My current lack of capacity should inform my goals more than they have in the past. Any marketing I would do would be inbound in nature rather than outbound, as it is less expensive and takes advantage of doing something once, such as publishing a blog post, and distributing it multiple times for near free.

So here are my goals for 2022:

  • Release at least 2 Freshly Squeezed Entertainment games by December 31st
  • Increase my newsletter audience from 22 to at least 34 subscribers by December 31st
  • Earn at least 1 sale per month by December 31st

I still think my overall Product Development Strategy is still sound. Create free value, ask for permission to talk with people who have shown they like my games, and then use their feedback to help me make deluxe games that are more likely to sell.

Creating two games in a year should be doable if I put on my game producer hat more often. I would love to try for four games, giving each one on average about three months, but I’m already worried that I’m still overestimating my capacity with two.

My newsletter went up by 6 subscribers last year. Now that I have one Freshly Squeezed Entertainment game out and expect to have at least one more by the middle of the year, can I find 12 more fans who are interested enough in my games to sign up?

I don’t have a sales plan in place, and clearly one sale a week was too ambitious. Still, one sale a month sounds like a ridiculously small amount, but then again, it is clearly a difficult goal for me at this time. It works out to a little more than double the sales I made in 2021, which was slightly fewer than sales from 2020. Making that trend go back up will be huge.

Besides those overall goals, I do want to spend some time porting my existing games to desktop platforms, and I’ll need time for that effort that isn’t going to be going into new development. I already develop on my Ubuntu system, so creating a Linux-based release shouldn’t be difficult, but since both Windows and Mac OS are trying to be walled gardens, I need to figure out how I can create free games for them without it costing me a ridiculous amount of money.

I also want to make time to actually play games. Between all of my old consoles, Steam, Humble Bundle, GOG, and Itch, I have a lot of games, many of which I’ve paid for, that I never enjoy or even learn from. Last year I played Castles I, Sunless Sea, To the Moon, Minecraft, and Super Crate Box, and shortly after I released Toy Factory Fixer, I allowed myself to play The Legend of Zelda: The Wind Waker during my week off from the day job near the holidays.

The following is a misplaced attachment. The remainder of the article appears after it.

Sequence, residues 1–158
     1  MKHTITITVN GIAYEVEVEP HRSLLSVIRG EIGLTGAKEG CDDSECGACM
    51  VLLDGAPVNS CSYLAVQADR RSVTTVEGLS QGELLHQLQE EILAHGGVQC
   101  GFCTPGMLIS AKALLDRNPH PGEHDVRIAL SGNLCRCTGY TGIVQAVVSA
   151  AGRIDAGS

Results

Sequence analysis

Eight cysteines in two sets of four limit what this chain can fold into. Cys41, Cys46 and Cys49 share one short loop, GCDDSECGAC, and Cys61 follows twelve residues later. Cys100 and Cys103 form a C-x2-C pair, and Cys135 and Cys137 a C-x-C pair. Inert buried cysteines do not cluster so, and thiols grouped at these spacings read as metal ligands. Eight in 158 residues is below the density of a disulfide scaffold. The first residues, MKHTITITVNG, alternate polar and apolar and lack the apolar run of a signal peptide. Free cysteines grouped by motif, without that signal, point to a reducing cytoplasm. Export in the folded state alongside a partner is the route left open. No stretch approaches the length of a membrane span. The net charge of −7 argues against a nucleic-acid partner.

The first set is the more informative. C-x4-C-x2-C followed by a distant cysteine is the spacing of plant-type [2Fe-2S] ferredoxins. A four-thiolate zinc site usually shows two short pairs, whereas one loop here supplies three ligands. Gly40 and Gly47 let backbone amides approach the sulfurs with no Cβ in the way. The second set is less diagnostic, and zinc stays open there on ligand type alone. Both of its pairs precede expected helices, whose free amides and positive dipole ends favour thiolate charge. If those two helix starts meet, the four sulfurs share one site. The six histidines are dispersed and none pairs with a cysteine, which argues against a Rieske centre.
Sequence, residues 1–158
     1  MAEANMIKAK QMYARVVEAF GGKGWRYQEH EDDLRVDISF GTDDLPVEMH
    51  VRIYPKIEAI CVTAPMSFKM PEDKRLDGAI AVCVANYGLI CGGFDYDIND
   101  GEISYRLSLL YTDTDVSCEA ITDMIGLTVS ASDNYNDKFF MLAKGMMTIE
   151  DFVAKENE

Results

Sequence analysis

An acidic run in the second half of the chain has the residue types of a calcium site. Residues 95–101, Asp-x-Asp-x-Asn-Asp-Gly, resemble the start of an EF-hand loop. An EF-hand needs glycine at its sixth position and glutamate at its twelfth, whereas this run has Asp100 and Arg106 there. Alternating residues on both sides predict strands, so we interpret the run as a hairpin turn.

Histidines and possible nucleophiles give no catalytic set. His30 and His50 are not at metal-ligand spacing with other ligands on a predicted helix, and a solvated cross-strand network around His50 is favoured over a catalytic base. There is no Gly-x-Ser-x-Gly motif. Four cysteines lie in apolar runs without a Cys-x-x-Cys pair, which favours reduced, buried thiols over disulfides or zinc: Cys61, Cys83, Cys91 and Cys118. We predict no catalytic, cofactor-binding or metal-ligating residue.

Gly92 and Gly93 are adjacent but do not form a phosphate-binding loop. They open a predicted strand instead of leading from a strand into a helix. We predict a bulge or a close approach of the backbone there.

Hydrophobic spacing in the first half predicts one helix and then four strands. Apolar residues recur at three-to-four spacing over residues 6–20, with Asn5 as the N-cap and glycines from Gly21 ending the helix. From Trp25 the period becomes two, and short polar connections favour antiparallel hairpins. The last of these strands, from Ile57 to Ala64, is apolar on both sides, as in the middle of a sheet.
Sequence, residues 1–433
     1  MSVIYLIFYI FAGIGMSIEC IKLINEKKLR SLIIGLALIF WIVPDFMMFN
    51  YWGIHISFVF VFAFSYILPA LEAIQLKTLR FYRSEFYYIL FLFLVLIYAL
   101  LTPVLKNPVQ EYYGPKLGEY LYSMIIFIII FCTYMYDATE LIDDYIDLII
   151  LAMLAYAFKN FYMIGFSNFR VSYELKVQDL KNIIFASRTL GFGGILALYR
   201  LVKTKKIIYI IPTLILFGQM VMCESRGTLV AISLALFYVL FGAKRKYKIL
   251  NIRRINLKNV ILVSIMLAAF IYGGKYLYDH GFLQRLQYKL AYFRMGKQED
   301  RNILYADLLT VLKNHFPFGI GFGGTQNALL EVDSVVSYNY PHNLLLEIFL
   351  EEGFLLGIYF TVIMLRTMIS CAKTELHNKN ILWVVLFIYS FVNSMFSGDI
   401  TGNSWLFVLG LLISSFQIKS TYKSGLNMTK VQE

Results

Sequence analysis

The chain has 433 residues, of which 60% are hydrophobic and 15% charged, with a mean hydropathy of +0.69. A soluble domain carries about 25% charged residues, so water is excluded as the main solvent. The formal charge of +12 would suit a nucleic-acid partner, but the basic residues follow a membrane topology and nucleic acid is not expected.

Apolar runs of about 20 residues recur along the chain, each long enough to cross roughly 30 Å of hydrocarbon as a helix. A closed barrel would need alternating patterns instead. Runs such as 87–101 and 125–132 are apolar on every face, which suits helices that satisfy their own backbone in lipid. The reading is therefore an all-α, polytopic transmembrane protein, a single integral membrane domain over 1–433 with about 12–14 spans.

But much like my 15 minutes of learning each day habit, I’d like to make regular time to play games, even if it isn’t daily, even if it is a dedicated part of a day once a month.

Ok, so maybe two games in a year is starting to sound ambitious…

Anyway, I hope you have a safe and healthy 2022! Happy New Year!

Categories
Game Design Game Development Geek / Technical Personal Development

Freshly Squeezed Post-mortem #1: Toy Factory Fixer

Now that my first Freshly Squeezed game has been out for a few weeks, I thought it would be a good time to look back and see what lessons could be learned for future projects.

Toy Factory Fixer, a turn-based toy factory management game in which you hire and manage workers to ship toys, was a project I started in December of 2020, the first of my Freshly Squeezed Entertainment line of games.

Freshly Squeezed
Toy Factory Fixer

As I said in the my first progress report post for this project, Freshly Squeezed games were meant to be quickly created within a month and given away for free.

The idea behind giving away free games is that I want my games to have as little friction finding their audience as possible, and if enough demand exists for a particular game, perhaps I will create a “deluxe” version for sale. In other words, rather than guess at what random strangers might want based on trends and fads, I’m trying to find and get faster feedback from the people who would be interested in playing the kinds of games I am creating.

So I’ll start by saying that Toy Factory Fixer was meant to be a one month project, with a target deadline of December 25th, 2020.

Ha.

I ended up publishing the game in the Apple App Store and on Google Play on December 14th, 2021, over a year after I started.

For the mathematically inclined of you, you probably noticed that it definitely took much longer than a month.

But this is a post-mortem! Let’s talk about what went right, what went wrong, and what lessons can be learned from the experience.

What Went Right

  1. Paper prototypes helped me narrow in on the concept and game play early

    At the end of November, right after my latest published update of Toytles: Leaf Raking, I already came up with the general idea for Toy Factory Fixer. So right away, I had the concept on paper. Originally, it was a Christmas-themed game, with the idea being that the in-game shipment deadline was Christmas Eve and Santa needs those toys.